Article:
In a world where companies are doing whatever they can to attract tech-savvy young professionals living in hip urban areas, companies need to keep in mind that IT job candidates will likely elect to work on modern cloud services implementations, adding additional pressure on companies to adopt cloud solutions.

4. Companies with On-Premises IT Infrastructure Will Opt for Hybrid Cloud Computing Over Pure Cloud Solutions Due to Continuity of Business (COB) and Vendor Control Issues

Do you remember the old saying “Don’t outsource what you can do yourself?”

The meaning of this traditional piece of sage business advice is that once you lose the expertise to understand what the consultants or vendors are doing, you will ultimately lose control of your business process “know how” — leaving you vulnerable to outside factors beyond your control.

This mindset (which is perfectly valid!) is likely one of the main reasons that quite a few companies have yet to adopt any form of cloud technology: they fear they will be relinquishing too much control to outside vendors (and leaving them beholden to vendors who will be difficult to swap out for a different vendor.)

This feeling of “lack of control” is further exacerbated by concerns about COB (continuity of business) when the unthinkable happens — the internet goes down, perhaps for a long, long time.

Given these scenarios, it’s not surprising that Gartner predicts companies with “legacy” on-premises IT infrastructures will choose hybrid cloud computing as their first “baby” step into cloud solutions.

(Even internet giants like Facebook are moving some of their operations off the public cloud by building their own internal, private cloud infrastructure. Read more about how IBM lost the Facebook’s WhatsApp cloud business here.)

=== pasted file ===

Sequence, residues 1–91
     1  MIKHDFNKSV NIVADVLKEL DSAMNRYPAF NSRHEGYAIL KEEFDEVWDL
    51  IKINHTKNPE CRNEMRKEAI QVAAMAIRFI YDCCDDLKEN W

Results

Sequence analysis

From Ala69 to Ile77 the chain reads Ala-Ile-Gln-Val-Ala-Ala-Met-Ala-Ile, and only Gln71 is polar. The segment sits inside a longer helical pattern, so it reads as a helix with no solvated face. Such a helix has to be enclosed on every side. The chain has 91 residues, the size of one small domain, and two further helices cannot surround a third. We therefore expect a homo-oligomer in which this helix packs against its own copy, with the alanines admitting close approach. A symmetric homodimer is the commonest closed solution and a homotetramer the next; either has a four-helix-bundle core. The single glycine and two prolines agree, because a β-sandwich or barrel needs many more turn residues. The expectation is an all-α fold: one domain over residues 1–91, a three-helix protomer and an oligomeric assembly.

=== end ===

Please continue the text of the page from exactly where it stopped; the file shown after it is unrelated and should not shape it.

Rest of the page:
As we’ll see next, cloud vendors like Amazon AWS are happy to make the transition to hybrid cloud computing as smooth as possible.

5. Major Cloud Services Vendors Make Transition to Hybrid Cloud Computing Relatively Painless

Given the control and business continuity concerns that businesses have about making a transition to cloud services (see the previous item), vendors like Amazon AWS are going out of their way to make it easy to extend existing on-premises IT infrastructure with hybrid cloud computing capabilities.

For example, Amazon has developed a comprehensive set of tools to help IT departments incorporate many of the benefits of cloud computing by providing software that allows existing tools, such as LDAP directory services or on-premises SAP implementations, to access cloud-based storage seamlessly.

As a result, it’s much easier to make the transition to hybrid cloud computing. (Implementing pure cloud solutions, in contrast, remains a much bigger step, which usually involves re-architecting the software applications themselves.)

6. Today’s Users Have Higher Expectations for Accessing ERP/Big Data Remotely from Mobile Devices

So far we’ve looked at the trends driving companies toward cloud computing from the technology implementation side of things.

That’s only part of the picture.

Read more ...

Brooke Turner